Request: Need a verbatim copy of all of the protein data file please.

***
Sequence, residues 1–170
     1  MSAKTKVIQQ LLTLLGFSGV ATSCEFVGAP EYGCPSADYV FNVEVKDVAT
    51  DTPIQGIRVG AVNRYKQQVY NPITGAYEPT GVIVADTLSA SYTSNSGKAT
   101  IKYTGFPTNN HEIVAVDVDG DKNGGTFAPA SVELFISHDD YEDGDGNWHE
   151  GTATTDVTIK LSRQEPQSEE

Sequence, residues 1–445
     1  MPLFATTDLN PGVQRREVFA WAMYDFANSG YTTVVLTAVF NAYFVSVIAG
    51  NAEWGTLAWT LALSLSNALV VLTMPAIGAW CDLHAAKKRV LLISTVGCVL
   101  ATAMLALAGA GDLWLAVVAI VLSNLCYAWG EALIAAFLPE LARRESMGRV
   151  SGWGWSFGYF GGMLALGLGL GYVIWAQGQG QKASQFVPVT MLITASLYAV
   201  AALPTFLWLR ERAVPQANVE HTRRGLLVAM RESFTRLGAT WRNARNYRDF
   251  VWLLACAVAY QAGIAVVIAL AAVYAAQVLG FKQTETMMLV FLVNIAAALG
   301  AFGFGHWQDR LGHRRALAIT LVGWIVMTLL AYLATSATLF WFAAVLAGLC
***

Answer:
Sequence, residues 1–170
     1  MSAKTKVIQQ LLTLLGFSGV ATSCEFVGAP EYGCPSADYV FNVEVKDVAT
    51  DTPIQGIRVG AVNRYKQQVY NPITGAYEPT GVIVADTLSA SYTSNSGKAT
   101  IKYTGFPTNN HEIVAVDVDG DKNGGTFAPA SVELFISHDD YEDGDGNWHE
   151  GTATTDVTIK LSRQEPQSEE

Sequence, residues 1–445
     1  MPLFATTDLN PGVQRREVFA WAMYDFANSG YTTVVLTAVF NAYFVSVIAG
    51  NAEWGTLAWT LALSLSNALV VLTMPAIGAW CDLHAAKKRV LLISTVGCVL
   101  ATAMLALAGA GDLWLAVVAI VLSNLCYAWG EALIAAFLPE LARRESMGRV
   151  SGWGWSFGYF GGMLALGLGL GYVIWAQGQG QKASQFVPVT MLITASLYAV
   201  AALPTFLWLR ERAVPQANVE HTRRGLLVAM RESFTRLGAT WRNARNYRDF
   251  VWLLACAVAY QAGIAVVIAL AAVYAAQVLG FKQTETMMLV FLVNIAAALG
   301  AFGFGHWQDR LGHRRALAIT LVGWIVMTLL AYLATSATLF WFAAVLAGLC